This will give you an interface to interact with your mail.

Linux Mint & Vagrant

This article will cover installing Vagrant on Linux Mint, but what is Vagrant? Vagrant is a useful tool for setting up testing and development virtual machines on Linux. Setting it up on Debian and Ubuntu based distributions like Linux Mint is quite straight forward and the following guide will go over the main steps. For further information, Vagrant itself has some great docs http://docs.vagrantup.com/v2/. It covers installation of Vagrant on various Linux distros as well as more advanced management and configuration, but here’s a quick start:

Installing Vagrant on Linux Mint

First, open up a terminal and install virtual box, the kernel sources and vagrant all in one neat step:

sudo apt-get install virtualbox virtualbox-dkms vagrant

sudo apt-get install virtualbox virtualbox-dkms vagrant

Please note that the version in Mint/Ubuntu’s repositories is not the latest one. If you’ve using tools such as PuPHPet you’ll need to grab the latest version of Vagrant from the Vagrant downloads page.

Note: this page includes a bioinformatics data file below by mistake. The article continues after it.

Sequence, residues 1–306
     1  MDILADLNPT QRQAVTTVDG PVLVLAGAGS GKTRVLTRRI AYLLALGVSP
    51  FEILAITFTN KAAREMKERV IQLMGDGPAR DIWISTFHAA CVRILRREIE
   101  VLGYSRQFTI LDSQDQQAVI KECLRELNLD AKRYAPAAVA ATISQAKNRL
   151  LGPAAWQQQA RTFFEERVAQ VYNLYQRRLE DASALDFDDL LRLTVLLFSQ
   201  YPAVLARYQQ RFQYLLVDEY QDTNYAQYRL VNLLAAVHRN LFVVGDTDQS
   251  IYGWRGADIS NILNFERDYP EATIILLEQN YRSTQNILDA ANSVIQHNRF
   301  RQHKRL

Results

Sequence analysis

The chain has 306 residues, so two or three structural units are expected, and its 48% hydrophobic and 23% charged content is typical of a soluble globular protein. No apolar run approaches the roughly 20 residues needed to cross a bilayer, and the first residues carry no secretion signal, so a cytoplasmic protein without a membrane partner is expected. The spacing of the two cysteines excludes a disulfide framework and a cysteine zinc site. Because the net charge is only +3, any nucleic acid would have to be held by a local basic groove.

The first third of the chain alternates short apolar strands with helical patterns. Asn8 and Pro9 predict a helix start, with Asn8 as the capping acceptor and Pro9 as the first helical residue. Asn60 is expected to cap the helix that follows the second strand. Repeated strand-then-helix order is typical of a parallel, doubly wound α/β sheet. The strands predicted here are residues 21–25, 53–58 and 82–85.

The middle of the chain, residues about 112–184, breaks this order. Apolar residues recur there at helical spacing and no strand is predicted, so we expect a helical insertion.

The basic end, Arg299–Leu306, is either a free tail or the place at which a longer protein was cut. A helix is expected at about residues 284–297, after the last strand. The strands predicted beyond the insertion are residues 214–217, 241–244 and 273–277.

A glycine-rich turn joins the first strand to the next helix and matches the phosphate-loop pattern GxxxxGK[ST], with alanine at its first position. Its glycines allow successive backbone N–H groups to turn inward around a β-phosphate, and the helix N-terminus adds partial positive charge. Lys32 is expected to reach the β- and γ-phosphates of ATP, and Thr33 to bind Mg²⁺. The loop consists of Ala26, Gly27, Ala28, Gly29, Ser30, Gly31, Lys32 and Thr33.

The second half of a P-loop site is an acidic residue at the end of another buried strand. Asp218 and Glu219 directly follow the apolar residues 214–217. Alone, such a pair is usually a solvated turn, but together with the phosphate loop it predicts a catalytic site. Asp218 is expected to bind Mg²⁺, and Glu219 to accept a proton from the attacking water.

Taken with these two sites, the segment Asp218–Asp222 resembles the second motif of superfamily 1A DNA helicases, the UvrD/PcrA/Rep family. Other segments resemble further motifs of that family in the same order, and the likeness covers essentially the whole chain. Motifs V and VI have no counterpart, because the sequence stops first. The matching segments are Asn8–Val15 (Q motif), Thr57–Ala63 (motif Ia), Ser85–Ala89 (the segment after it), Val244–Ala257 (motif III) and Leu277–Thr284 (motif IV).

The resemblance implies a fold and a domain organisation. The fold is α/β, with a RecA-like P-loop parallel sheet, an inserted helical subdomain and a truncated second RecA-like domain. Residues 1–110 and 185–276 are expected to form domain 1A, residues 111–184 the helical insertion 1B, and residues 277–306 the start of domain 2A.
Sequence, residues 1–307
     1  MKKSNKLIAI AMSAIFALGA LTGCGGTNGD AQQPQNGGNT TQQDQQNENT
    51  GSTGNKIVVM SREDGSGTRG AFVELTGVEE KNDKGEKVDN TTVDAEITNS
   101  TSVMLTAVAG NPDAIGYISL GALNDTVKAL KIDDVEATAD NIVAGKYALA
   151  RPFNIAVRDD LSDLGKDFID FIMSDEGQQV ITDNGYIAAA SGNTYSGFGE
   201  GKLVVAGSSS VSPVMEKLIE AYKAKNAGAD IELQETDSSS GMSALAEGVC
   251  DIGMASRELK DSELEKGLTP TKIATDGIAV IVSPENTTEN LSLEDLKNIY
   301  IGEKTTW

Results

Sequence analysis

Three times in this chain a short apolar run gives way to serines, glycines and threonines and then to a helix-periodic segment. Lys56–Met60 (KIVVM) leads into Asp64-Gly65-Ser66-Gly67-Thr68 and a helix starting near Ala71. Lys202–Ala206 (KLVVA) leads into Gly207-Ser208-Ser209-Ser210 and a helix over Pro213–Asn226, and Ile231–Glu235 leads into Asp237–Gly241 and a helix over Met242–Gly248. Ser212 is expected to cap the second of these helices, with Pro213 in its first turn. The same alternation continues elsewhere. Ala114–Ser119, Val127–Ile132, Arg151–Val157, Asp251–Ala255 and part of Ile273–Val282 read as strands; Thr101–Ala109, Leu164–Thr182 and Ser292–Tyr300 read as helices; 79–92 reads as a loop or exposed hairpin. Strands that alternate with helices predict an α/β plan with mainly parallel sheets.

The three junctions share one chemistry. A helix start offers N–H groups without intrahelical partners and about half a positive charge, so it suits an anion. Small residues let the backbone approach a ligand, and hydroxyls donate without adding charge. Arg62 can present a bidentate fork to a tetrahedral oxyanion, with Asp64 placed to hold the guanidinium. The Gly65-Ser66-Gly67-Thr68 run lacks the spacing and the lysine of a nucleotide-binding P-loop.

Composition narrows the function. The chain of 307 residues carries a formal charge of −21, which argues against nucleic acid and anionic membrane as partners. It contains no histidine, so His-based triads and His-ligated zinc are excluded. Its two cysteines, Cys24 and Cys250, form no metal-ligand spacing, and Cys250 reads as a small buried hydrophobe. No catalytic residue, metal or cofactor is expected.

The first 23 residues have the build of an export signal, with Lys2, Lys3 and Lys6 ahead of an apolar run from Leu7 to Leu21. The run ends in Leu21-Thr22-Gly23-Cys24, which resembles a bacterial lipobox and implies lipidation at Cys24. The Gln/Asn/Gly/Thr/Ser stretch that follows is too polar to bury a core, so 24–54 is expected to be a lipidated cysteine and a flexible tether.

Make a new sub directory in your home folder for your Vagrant machines files to be stored in:

mkdir ~/vagrant

Now lets get create a VM. Pick what machine you want from the Vagrant Boxes (http://www.vagrantbox.es/). I’m going to use Debian 7.3. You need to copy the box URL.

Make sure you’re in your vagrant directory:

cd ~/vagrant

Initialise the vagrant box. This creates a configuration file for it which you can use to change key settings before you start it up

vagrant init debs http://puppet-vagrant-boxes.puppetlabs.com/debian-73-x64-virtualbox-nocm.box

Make configuration changes if you want to. I like to set a hostname and have the machine appear on my main network so I can access it from other computers

nano Vagrantfile

These are the additional lines I put in:

# Set the machines hostname<br />
config .vm.hostname = “debs7”

# Setup a network bridge
config.vm.network :public_network

Now you can start the vagrant box. It’ll download the image first time so it might be a little slow to get going.

vagrant up

Once done, you can access it using

vagrant ssh